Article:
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The standard Friedmann models are considered by many as being the best approximation for the observed large scale distribution of galaxies, since the results predicted by these models are usually quite good approximations to the observations (Peebles 1993). However, although no observational evidence was so far found to severely contradict this widespread belief, the question remains of whether or not other cosmological models could also provide theoretical predictions in line with observations. This is obviously an important aspect in the general acceptance of the standard Friedmannian models as good approximations to the observed Universe, inasmuch as we can only have a direct response to the question of how good the Friedmann models really are, if we are able to test the data against the predictions of other non-standard cosmological models.

Nevertheless, cosmography is presently dominated by observational relations derived only within the Friedmannian context (Weinberg 1972; Sandage 1988, 1995; Peebles 1993), and obviously those relations do not allow comparisons between standard and non-standard cosmologies. Therefore, in pratice we have a situation nowadays where the observational test of non-standard models is quite difficult due to the absence of detailed and observationally based relations derived with that purpose.

There are exceptions, however, and the basis of a general theory for observations of cosmological sources was presented by Ellis (1971), but later, in a series of papers (Ellis & Perry 1979; Ellis, Perry & Sievers 1984; Sievers, Perry & Ellis 1985) the theory was further developed, with the presentation of detailed calculations of observational relations from where cosmological effects can be identified and separated from the brightness profile evolution of the sources.

Although such study was a step forward in the possibility of direct observational test of non-standard cosmological models, the detailed theory of Ellis, Perry and Sievers equally demands detailed observations of the sources, a task usually not feasible when dealing with large scale redshift surveys, where the total number of observed objects varies from hundreds to thousands of galaxies. (1)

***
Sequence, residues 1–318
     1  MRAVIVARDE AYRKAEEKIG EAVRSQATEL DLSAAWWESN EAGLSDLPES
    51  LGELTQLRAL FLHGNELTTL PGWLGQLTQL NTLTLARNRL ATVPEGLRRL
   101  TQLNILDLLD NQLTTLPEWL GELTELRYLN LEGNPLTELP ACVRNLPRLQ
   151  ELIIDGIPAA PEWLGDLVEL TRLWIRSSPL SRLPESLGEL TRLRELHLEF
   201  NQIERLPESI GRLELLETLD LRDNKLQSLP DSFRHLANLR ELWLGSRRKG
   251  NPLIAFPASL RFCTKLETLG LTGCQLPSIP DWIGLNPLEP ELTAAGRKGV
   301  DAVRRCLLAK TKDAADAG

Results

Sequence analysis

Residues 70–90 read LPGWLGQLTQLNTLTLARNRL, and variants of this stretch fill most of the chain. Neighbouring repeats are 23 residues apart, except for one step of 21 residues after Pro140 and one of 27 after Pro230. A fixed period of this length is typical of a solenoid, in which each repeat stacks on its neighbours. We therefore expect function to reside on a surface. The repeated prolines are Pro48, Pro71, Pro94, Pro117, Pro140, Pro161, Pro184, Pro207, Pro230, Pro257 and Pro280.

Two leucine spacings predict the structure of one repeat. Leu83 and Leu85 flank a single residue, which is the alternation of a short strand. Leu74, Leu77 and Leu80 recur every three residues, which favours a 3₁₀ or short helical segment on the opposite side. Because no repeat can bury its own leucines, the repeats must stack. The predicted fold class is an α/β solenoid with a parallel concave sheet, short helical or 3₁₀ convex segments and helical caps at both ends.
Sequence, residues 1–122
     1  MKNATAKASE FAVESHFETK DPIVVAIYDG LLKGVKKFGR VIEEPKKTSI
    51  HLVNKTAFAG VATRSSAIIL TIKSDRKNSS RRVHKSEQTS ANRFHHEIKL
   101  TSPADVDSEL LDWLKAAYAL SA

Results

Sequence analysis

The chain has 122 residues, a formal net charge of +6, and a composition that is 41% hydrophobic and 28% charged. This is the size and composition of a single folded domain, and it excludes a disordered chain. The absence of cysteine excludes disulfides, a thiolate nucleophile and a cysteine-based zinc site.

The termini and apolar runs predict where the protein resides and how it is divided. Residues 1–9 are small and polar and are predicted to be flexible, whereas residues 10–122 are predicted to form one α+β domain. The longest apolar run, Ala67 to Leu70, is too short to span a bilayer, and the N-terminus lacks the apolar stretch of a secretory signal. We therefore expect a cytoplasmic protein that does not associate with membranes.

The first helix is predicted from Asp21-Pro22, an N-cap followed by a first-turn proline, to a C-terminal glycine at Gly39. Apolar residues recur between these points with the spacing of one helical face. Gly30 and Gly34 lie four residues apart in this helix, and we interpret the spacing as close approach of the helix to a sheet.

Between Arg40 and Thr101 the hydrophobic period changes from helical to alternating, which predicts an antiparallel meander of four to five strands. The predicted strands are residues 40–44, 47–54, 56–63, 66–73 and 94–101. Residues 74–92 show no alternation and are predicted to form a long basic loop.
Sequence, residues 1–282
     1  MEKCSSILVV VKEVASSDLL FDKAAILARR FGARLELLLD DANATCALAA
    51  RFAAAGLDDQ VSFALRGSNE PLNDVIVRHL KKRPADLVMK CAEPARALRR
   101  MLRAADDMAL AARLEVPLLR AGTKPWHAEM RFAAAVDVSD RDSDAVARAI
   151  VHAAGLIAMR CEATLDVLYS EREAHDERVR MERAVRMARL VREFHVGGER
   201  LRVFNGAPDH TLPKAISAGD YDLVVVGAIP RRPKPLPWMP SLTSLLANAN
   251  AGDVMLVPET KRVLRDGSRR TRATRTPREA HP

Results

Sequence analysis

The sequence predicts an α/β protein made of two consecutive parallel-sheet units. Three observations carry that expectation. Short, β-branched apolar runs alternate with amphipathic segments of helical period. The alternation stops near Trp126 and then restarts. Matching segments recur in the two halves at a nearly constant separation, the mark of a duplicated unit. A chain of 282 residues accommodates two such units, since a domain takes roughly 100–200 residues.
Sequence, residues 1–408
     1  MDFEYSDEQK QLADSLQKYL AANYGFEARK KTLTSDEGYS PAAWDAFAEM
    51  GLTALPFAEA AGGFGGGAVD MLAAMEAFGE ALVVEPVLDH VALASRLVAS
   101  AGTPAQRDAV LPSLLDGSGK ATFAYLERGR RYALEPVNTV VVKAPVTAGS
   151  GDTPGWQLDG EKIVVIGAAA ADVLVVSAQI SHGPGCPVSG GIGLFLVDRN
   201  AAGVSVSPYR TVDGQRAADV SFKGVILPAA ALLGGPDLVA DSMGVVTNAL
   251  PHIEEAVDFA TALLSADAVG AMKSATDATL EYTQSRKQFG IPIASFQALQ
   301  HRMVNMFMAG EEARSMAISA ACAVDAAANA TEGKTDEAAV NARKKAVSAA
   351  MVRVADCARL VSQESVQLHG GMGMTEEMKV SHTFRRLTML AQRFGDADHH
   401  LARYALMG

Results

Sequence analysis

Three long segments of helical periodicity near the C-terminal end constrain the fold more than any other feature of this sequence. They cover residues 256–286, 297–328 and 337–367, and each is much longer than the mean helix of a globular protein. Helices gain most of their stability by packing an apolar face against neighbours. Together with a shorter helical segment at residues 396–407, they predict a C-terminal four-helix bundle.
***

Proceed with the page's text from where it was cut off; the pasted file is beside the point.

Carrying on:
The approach of this work differs from those quoted above because in here cosmological sources are considered point sources, and therefore observables like flux and colour are integrated over the whole object. This is a reasonable approximation for the objects included in these surveys, since they are usually so faint that observation of their structure is very difficult with the presently available techniques. Therefore, by treating galaxies as point sources we can, at least in principle, apply the methods presented in this paper to the large and deep galaxy surveys presently available.

The observational relations presented here were derived with the aim of eventually using them to compare with this set of data, that is, the redshift surveys of galaxies. As a consequence, the theory used here could offer the possibility of comparing the predictions of different cosmological models with the need of much less real data than demanded by the theory of Ellis, Perry and Sievers. Besides, this simpler view of the problem creates the option of a first order test of cosmological models against observations without the imediate need of detailed data, which in turn would demand a more complex and demanding analysis. However, in order to be able to obtain observational relations capable of being compared with observations, to a certain extent we need to depart from Ellis' (1971) approach and discuss in detail some specific observations in cosmology within some specific bandwidth, since this is the way astronomers deal with their data.

This paper is the first of a series where it is carried out a program for investigating whether or not other, non-standard, cosmological models could also explain the data obtained from the large-scale redshift surveys of galaxies. Here I shall discuss the basic theory for observational relations in limited frequency bandwidth, the quantities which are mostly used by observers, and some pitfalls regarding their connection to the underlying geometry and practical astronomical observations. In Section 2 I present some basic definitions and equations, and in Section 3 the approach, method and observational relations apropriate for this program are discussed. The paper ends with a concluding section.

1 Actually, often it is not even desirable to obtain such detailed observations since what is being frequently sought are data for doing statistics of the distribution of galaxies. Back.

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